Painting of Peter Stuyvesant, New Amsterdam’s fourth and most notorious Director General. Image via All-Len-All.
On July 25, 1647, New York City’s first zoning law was put into place. The law came from the iron fist (or wooden peg) of Director General Peter Stuyvesant himself. It was one of the first in a series of decrees meant to transform New Amsterdam from the unruly backwater it had become to a full-fledged city. (Coincidentally, Sunday was also the 100th Anniversary of NYC’s Zoning Resolution of 1916, and the Center for Architecture released a website in celebration, Zoning @ 100).
Everyday, billions of gallons of water are used in New York City for showers, filling up toilet bowls and consumption – and one government agency ensures that the entire system stays intact. The Department of Environmental Protection is responsible for maintaining New York City’s water supply, as well as the city’s air quality and excessive noise caused by everyday occurrences.
Here are 10 Secrets of the Department of Environmental Protection and New York City’s water supply.
Photo via Flickr/Debbie R
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On Thursday, August 25th at 6:30pm, join us for a Behind the Scenes NYC Tour of the Sims Municipal Recycling Facility, a state-of the-art recycling facility located at the South Brooklyn Marine Terminal (SBMT). The facility is the result of a public-private partnership between New York City and Sims.
Completed in 2013 using sustainable design practices, the reactivated site processes all plastic, metal, and glass collected by the Department of Sanitation and helps traffic the City of New York’s recyclables while creating jobs for the local community. Eadaoin Quinn, Education Coordinator at Sims, will take Untapped Cities readers behind the scenes of the recycling plant, which currently occupies 11 acres of SBMT. Join us for a 90-minute tour and get a insider look at the City’s recycling process. Tickets are limited.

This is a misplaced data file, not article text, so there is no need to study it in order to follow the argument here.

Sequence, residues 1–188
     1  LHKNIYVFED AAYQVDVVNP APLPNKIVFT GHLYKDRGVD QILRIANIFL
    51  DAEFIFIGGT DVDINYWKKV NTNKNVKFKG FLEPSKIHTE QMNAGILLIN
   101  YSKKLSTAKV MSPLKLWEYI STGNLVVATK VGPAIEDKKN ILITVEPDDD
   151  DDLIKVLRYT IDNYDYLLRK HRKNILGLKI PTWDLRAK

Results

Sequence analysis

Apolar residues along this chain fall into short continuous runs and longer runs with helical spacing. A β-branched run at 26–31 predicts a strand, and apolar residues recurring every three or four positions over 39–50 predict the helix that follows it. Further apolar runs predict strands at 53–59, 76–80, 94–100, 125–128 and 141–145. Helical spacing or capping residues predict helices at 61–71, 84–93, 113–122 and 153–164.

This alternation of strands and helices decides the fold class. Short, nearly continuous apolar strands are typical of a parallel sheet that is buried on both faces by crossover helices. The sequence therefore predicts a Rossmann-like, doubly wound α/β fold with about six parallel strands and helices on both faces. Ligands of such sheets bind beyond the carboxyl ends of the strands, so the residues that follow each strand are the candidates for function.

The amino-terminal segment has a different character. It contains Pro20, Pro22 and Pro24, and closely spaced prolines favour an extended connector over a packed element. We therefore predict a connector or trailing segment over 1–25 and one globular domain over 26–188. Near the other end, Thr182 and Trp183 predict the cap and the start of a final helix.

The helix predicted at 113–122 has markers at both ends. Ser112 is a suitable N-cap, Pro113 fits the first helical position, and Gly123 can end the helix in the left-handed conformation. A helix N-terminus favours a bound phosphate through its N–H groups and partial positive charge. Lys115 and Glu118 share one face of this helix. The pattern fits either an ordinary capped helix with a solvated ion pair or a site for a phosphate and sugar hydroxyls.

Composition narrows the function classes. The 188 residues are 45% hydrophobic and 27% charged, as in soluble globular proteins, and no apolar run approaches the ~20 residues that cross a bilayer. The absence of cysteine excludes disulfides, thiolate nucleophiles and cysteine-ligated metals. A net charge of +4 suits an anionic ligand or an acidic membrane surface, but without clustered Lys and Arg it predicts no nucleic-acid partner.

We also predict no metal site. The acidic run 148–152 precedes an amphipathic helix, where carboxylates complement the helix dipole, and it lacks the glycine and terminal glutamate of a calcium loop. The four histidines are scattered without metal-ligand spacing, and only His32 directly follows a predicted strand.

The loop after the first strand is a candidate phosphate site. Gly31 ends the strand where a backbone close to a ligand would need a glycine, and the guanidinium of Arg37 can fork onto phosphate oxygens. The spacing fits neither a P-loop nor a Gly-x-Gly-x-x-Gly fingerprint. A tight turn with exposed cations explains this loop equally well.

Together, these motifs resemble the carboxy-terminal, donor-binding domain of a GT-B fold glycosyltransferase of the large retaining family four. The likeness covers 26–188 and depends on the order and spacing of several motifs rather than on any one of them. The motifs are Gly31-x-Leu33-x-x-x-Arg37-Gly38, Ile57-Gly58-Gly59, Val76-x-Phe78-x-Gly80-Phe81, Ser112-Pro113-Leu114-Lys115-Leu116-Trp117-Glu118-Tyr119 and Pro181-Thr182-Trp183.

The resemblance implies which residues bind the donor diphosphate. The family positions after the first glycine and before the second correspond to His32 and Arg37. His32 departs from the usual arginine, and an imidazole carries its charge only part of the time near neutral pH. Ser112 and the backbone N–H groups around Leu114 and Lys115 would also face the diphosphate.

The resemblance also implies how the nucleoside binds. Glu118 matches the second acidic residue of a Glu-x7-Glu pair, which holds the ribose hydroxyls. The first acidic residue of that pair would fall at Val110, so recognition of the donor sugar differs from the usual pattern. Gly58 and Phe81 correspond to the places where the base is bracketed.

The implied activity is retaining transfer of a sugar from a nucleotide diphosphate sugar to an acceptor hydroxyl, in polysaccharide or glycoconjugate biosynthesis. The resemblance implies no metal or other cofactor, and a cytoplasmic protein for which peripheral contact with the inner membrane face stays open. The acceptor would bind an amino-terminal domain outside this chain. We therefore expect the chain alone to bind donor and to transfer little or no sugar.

Operated by Sims Municipal Recycling, the Sunset Park Material Recovery Facility is New York City’s principal recycling center receiving approximately 20,000 tons of residential metal, glass, plastic and paper every month. The facility features advanced sorting equipment, award-winning architectural design, interactive educational displays, a 600kW solar panel array and NYC’s first commercial-scale wind turbine.
The Untapped Cities Behind the Scenes NYC Tour Series is produced in partnership with the New York City Economic Development Corporation (NYCEDC) to provide special access to some of the city’s most exciting development projects.
Here is an aerial picture of the SIMS recycling facility:
The pleasant but befuddled young media handler interrupted my story: “Bloomingdale’s has a time capsule?” Well actually, there were two time capsules, I told her, placed in the cornerstones on Lexington Avenue, by Fifty-ninth Street, back when the economy was careering off the rails during early Great Depression days. Did they have forgotten documents related to the event?
“To be honest most of our early archives are not yet digitalized, so I don’t know who to even ask, I need to get back to you on this…”
It’s not that Bloomingdale’s staff never knew their Art Deco-era flagship store housed time capsules. Starting at 4 p.m. on April 23, 1930, a number of bigwigs spoke before several hundred businessmen and city officers. But as Jim Morrison said, “The future is uncertain but the end is always near.” It is very likely that everyone who witnessed the event is dead, and their collective memories are buried with them.
Photo via Wikimedia Commons/Rajkiran Pericherla
The USS Intrepid, the decommissioned United States aircraft carrier, has been a mainstay on the New York City shoreline since 1982. Offering insight into a type of place that very few people see, this carrier is a perfect learning experience for people of all ages. But the big question is how much do people actually know about the famous ship? Well, here are ten secrets that you may not have known about the Intrepid.